Friday, November 18, 2011

Review: "Free Inquiry"

Excerpts of "Free Inquiry" (reviewed by Richard Packham), Association of Mormon Letters
*Free Inquiry* is one of the leading journals for readers interested in "secular humanism."  The issue reviewed here features a series of articles under the general heading "America's Peculiar Piety: Why Did Mormonism Grow? Why Does It Endure?" The magazine's front cover is the famous 1842 portrait of Joseph Smith - probably the best contemporary likeness of the church founder - altered to show that he has his fingers crossed.

The articles, although written from a non-Mormon perspective, are generally respectful, rational, and sincerely trying to answer the questions posed by the series

header and introductory article written by Free Inquiry's editor Tom Flynn.

In his introduction Flynn points out, as part of the reason for dealing with Mormonism, the amount of attention that Mormons are getting currently, to the point that some have even called this year "the Mormon moment". But Flynn also points out that today's Mormon church (at least its largest version - the one headquartered in Salt Lake City) bears little resemblance to the church founded by Joseph Smith in 1830. But if we can understand the draw and retaining power of Mormonism, based on a story of divinely furnished gold tablets that occurred in relatively recent times, then perhaps we can better understand the power of more ancient religions that have maintained their viability for centuries, based on events that seem just as far-fetched as the Mormon foundation stories.

The articles on Mormonism in this issue of Free Inquiry are wide-ranging both in subject matter and authorship. The first article is by Brian Dalton, a former Mormon (he refers to himself as a "Formon"), born and raised in the church. His article tells how he transitioned from a faithful young Mormon to atheism, and attributes it to the Mormon emphasis on intelligence and education. The breaking point came when he realized that the church was only giving lip service to the importance of evidence and facts, as he was told "You're thinking too much!" Like many others in that situation, he felt a deep sense of betrayal, only deepened when the church began excommunicating various scholars, feminists and intellectuals. He concludes that all religions are based on areas where humans lack information, and religions step right in to fill the vacuum.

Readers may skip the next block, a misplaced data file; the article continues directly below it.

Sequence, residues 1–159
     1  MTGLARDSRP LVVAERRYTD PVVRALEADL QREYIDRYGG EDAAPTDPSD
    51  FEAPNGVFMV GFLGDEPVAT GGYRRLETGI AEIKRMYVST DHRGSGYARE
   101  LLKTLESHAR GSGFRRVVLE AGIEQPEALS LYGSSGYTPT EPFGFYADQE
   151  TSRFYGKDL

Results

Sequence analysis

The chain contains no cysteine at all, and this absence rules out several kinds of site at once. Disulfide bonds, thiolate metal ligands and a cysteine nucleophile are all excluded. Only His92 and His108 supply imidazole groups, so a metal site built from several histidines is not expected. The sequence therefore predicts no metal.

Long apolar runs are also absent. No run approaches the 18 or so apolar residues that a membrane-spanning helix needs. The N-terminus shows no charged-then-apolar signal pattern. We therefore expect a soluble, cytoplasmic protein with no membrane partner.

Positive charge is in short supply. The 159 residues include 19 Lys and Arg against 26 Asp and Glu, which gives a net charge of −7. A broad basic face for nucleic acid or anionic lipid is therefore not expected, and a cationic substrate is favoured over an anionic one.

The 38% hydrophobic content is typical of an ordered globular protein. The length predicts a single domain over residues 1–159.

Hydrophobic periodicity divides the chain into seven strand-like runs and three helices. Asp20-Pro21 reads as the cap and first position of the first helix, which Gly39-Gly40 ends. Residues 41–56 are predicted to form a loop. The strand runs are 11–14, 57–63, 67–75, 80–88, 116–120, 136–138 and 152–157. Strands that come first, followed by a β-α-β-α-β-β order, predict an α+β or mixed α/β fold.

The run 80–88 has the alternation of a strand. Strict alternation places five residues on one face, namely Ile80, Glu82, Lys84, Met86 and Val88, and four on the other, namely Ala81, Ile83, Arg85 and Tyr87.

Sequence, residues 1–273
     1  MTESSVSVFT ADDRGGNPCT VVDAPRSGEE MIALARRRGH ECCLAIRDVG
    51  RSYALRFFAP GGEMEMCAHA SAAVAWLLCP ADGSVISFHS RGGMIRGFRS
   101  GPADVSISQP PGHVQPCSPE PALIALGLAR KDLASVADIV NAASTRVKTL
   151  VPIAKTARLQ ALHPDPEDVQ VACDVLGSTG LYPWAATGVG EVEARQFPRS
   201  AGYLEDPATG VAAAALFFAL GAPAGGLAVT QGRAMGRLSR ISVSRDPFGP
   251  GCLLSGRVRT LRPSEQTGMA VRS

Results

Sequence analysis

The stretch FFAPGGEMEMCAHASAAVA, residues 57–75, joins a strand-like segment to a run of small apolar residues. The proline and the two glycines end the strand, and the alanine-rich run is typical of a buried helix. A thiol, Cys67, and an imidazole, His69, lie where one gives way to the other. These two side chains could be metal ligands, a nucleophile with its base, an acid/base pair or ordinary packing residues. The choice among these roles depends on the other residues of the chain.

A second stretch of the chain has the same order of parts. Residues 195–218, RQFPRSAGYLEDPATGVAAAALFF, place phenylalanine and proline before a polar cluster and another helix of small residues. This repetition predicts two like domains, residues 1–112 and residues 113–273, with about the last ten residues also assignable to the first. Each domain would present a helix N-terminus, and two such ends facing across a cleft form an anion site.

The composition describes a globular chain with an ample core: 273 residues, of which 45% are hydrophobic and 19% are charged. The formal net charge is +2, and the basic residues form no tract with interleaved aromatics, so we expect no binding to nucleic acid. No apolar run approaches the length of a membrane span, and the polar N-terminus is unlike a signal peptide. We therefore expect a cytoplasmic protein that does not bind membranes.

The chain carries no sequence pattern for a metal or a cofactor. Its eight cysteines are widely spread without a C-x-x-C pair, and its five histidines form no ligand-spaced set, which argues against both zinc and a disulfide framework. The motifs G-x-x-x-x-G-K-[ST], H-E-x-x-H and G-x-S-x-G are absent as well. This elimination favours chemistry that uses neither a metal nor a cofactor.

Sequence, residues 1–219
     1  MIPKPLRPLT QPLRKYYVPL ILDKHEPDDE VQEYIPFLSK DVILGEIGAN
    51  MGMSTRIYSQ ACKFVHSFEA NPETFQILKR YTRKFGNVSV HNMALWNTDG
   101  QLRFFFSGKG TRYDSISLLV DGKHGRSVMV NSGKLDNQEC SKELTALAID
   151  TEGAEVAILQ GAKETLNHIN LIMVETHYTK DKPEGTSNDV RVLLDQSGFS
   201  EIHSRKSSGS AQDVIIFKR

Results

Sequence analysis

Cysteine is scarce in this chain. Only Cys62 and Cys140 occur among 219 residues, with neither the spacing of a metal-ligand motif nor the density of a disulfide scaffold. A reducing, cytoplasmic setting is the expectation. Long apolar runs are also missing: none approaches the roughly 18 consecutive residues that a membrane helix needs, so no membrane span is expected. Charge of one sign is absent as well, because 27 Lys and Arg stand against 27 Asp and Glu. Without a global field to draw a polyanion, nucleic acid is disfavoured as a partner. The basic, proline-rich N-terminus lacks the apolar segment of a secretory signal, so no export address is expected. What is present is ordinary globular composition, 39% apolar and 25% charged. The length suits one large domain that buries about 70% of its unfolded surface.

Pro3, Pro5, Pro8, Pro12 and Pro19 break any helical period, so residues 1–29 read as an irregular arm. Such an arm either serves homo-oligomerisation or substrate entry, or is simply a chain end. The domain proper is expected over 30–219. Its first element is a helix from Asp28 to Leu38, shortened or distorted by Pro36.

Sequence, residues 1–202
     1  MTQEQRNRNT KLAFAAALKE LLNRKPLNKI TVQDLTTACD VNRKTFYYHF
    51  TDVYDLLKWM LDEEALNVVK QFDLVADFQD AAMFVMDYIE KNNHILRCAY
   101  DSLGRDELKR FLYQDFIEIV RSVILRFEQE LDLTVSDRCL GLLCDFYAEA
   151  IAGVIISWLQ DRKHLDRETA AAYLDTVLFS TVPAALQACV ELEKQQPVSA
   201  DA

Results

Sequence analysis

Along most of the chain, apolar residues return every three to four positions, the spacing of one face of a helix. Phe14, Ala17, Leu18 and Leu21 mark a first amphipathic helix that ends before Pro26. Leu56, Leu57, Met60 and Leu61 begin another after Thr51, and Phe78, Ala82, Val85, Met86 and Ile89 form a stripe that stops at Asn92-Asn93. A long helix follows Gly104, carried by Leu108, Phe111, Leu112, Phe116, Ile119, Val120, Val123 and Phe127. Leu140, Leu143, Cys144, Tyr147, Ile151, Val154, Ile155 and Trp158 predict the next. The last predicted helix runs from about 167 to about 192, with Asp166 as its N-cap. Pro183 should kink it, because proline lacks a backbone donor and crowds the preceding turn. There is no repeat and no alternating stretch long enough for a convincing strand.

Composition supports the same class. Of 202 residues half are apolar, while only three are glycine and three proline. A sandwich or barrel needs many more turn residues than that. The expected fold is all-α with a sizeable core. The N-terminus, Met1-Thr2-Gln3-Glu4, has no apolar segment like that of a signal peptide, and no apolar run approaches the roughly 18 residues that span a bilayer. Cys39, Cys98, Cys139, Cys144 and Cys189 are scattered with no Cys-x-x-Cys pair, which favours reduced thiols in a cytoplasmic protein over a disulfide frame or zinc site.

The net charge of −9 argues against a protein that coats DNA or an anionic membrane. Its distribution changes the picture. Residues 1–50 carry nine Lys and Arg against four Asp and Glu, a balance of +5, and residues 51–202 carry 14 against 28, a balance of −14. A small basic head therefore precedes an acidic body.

Robert M. Price, professor of theology, titles his article "Joseph Smith: Liar, Lunatic, or Lord?", echoing C. S. Lewis' famous trilemma about Jesus. Price tries to explain the phenomenon of Joseph Smith by looking at other similar historical figures who became larger than life, attracted devoted followers, and who kept those followers in spite of their own often flagrant violations of accepted morality and behavior. His comparisons do throw light on how it could have been. He calls upon Kierkegaard's "knight of faith," Mohammed, Nietzsche's "superman," Chögyam Trungpa (a tantric mystic), the scandalous Sufi sheik Abu Said ibn Abi'l-Khayr, and the 17th century "messiah" Sabbatai Sevi. (Most Mormons - like most religionists - are likely completely unfamiliar with any "prophet" or "messiah" but their own.) He concludes that although Joseph Smith may well have begun as a "trickster," he soon was overtaken by the "trickster archetype" (an archetype defined by Carl Jung), and perhaps even convinced himself that he was communicating with God and had discovered the true origin of the American Indians.

Tom Flynn also contributes an interesting biographical portrait of "Obadiah Dogberry," the pseudonym for Abner Cole, who was the publisher of the local newspaper in Palmyra during the time of the appearance of the Book of Mormon. Cole's paper was printed in the same print shop that was doing Smith's manuscript, and Cole had opportunity to see printed sheets of the new bible. He was soon including excerpts in his newspaper, as well as publishing a spoof of Smith's book, the "Book of Pukei." Cole thus became the first published critic of the new scripture and the new religion, the first "anti-Mormon."